Tuesday, 5 August 2014

Spurn Day 27

I think it’s safe to say that today was a good day. The weather was glorious and the wildlife was on top form. It started as soon as I got there really, or rather as soon as I was really there, because as soon as I got there I crashed and had a power nap.
Upon awakening from my nap I immediately began to search the pond for Little Terns and anything else that may be around. There was some other stuff around, namely 2 Spurn ticks for me; Tufted duck and Little Grebe. The Tuftie was a drake just leaving eclipse. It spent most of its time that I saw it with the Little Grebes, of which there were 3; and adult and 2 juveniles. The grebes stayed all day though I think the Tuftie may have left as I did not see it during the afternoon.
-Tufted Duck with Little Grebe
We then had a bit of a lull after that. In fact the whole day went into a bit of a lull, probably because it was so hot. There were very good numbers of Yellow Wagtail around, at least 6 but probably more, and off all different shades, ranging from scratty brown to fairly fresh yellow. A juvenile Marsh Harrier made and appearance too, drifting over north bank and avoiding the ponds for the most part, which meant that the terns were not disturbed in any way. There was also a Black Tailed godwit that spent the day on the ponds, adding to the wader diversity. Alas it was not a summer plumaged individual but it was appreciated none the less.
The morning livened up significantly when I was on my way back from long bank around mid morning. It was quite warm by now, and came back to find a Common Lizard chillin on the doorstep of the hut. Of course as soon as it saw me it bolted, but the only place for it to go was inside the hut. It only stayed in a few minuets as I went into the hut myself in order to keep the exit clear and usher the lizard out. Of course I had the wrong lens but managed a few shots with my compact when the lizard sat rather obligingly on the ladder near the door. It was certainly a different experience on the job…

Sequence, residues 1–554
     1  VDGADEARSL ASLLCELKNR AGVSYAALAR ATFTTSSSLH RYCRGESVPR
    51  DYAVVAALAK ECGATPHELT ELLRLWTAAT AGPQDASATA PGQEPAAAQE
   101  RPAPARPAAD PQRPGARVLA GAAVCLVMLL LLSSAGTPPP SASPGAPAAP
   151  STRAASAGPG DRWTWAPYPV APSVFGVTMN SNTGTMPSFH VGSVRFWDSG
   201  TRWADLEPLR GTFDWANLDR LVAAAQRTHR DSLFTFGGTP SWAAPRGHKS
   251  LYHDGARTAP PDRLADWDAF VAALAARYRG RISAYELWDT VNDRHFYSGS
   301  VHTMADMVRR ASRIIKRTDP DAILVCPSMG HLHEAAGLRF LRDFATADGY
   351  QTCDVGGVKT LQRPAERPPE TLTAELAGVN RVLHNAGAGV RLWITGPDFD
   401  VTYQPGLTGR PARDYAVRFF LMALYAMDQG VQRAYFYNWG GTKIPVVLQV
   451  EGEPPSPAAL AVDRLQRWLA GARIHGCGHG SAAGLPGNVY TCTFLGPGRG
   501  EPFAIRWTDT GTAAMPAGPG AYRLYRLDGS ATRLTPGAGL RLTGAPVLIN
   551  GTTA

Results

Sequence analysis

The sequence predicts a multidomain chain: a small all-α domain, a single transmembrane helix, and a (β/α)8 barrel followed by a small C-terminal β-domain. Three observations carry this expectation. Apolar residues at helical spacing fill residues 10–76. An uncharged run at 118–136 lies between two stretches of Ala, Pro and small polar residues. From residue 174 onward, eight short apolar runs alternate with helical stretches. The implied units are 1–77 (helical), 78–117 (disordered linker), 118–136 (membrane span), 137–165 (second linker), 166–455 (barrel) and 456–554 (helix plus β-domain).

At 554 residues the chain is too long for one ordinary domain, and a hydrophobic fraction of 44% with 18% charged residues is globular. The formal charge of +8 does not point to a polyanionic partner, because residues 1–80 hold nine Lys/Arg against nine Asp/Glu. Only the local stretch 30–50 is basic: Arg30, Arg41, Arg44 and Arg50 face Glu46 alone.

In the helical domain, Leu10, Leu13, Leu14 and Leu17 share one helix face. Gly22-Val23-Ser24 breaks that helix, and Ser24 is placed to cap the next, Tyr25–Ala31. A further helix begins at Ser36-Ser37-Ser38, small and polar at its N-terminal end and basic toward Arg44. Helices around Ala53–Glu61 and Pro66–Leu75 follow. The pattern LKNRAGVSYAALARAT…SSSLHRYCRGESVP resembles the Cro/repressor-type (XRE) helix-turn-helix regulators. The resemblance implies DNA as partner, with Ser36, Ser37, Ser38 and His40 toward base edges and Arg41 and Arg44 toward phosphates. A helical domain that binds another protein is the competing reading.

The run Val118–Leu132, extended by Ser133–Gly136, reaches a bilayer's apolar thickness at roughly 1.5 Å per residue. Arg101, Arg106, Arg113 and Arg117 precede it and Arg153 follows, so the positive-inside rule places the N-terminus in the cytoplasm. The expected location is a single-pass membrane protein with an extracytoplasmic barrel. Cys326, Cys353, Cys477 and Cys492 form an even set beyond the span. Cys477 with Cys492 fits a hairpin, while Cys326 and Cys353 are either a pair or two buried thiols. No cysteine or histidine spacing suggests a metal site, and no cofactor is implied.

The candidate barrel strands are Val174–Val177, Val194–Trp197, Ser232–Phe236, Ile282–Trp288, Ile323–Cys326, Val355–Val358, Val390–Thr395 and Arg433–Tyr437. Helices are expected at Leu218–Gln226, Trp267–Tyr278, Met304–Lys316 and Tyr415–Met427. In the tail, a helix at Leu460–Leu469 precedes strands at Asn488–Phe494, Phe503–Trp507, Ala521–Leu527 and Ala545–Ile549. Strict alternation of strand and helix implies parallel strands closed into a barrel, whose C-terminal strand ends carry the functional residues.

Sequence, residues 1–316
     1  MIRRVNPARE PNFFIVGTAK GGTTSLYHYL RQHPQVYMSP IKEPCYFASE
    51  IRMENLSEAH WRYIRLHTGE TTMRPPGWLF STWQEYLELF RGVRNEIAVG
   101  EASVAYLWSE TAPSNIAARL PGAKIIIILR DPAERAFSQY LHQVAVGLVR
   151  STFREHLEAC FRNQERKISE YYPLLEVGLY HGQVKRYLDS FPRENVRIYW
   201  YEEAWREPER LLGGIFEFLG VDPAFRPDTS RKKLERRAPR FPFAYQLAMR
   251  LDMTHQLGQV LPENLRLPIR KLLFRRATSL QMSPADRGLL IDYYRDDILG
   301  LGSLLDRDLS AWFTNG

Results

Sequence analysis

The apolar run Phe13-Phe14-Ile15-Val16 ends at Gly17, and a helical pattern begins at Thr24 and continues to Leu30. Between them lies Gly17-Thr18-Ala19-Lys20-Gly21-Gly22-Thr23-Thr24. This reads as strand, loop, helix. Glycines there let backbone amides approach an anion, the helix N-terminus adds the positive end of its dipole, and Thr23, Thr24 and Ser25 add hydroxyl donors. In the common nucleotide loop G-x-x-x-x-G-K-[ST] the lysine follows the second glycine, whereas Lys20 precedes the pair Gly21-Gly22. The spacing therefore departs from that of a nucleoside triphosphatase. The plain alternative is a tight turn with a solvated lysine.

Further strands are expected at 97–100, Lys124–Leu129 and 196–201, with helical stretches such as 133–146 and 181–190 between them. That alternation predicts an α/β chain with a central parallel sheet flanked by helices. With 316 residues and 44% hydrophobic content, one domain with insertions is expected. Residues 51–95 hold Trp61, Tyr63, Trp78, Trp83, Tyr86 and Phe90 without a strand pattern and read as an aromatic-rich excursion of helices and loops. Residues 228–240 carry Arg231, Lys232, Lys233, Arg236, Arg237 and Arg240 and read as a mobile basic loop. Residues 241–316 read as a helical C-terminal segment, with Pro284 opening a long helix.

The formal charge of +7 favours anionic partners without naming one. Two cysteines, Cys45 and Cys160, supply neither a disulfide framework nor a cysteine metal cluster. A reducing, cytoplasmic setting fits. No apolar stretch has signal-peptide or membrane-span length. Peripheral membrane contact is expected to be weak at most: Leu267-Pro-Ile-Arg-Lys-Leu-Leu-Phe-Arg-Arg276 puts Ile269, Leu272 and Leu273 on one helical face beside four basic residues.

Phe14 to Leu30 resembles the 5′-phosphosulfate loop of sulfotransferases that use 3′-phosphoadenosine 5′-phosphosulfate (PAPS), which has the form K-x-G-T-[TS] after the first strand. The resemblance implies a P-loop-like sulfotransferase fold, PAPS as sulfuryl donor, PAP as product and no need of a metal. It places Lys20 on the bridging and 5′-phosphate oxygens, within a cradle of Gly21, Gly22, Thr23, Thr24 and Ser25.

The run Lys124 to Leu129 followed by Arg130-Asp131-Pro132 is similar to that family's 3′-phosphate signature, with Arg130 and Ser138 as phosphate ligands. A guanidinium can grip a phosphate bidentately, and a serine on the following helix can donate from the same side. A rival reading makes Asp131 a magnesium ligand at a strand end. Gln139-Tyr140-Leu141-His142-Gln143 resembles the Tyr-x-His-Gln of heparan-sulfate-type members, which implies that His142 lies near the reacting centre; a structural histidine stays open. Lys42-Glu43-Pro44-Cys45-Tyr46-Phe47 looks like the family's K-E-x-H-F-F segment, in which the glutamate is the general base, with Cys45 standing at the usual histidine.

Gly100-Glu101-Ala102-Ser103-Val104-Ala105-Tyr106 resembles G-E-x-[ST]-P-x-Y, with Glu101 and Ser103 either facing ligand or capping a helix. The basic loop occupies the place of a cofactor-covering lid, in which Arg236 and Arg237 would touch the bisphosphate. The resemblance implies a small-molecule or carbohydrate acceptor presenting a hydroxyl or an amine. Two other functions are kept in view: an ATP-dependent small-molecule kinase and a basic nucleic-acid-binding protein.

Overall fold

-Common Lizard
On the way to lunch down Beacon Lane I kept my eyes open for the lesser whitethroat but I could not find it. I did find numerous Common Whitethroat including a few juvs, but they tended to be skulky and difficult to see fully. Also on the lane I found a lovely Willow Warbler, which is unsurprising now their passage has started. It was very photogenic and allowed me to get some really decent shots of it, thought there was a bit of branch rather unhelpfully in the way.
-Willow Warbler
 It remained quiet until pretty much going home time. But as I was about to leave early because it had been so quiet, a pale phase Arctic Skua flew by not far off shore. It did not cause much disturbance but I stayed in order to make sure it did not return and bother the birds. It was a nice individual, very clear with well-defined features, clearly visible as it moved along the coast.
-Arctic Skua
So that finished me off for my day shift. So, where was all the wildlife? Well it all came during the evening’s seawatch which was very productive bird-wise but damaged my already fragile credibility significantly.
I started at around half 6 with a few guys, though by the end there was quite a crowd. It started very slowly, the tern passage barely getting going. However, but half 7 it began to pick up and good movements of Common, Sandwich and Arctic Terns began to move through. Picking up the Commons from the Arctics in a mixed flock is not something I can do with ease, but  by the end of the evening I gave it a go with 2 Terns that drifted down, calling them as commons. Apparently they were both Arctic! I also made a blunder with a Gull that landed on the beach. With the light it looked like it had yellow-legs, so I called it. As it moved towards the shore though its legs cleared and it turned out to be a Herring Gull. Wonderful!